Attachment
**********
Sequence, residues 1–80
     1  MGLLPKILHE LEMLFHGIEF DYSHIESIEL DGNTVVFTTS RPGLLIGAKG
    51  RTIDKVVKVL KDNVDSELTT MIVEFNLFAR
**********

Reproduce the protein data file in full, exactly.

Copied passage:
Sequence, residues 1–80
     1  MGLLPKILHE LEMLFHGIEF DYSHIESIEL DGNTVVFTTS RPGLLIGAKG
    51  RTIDKVVKVL KDNVDSELTT MIVEFNLFAR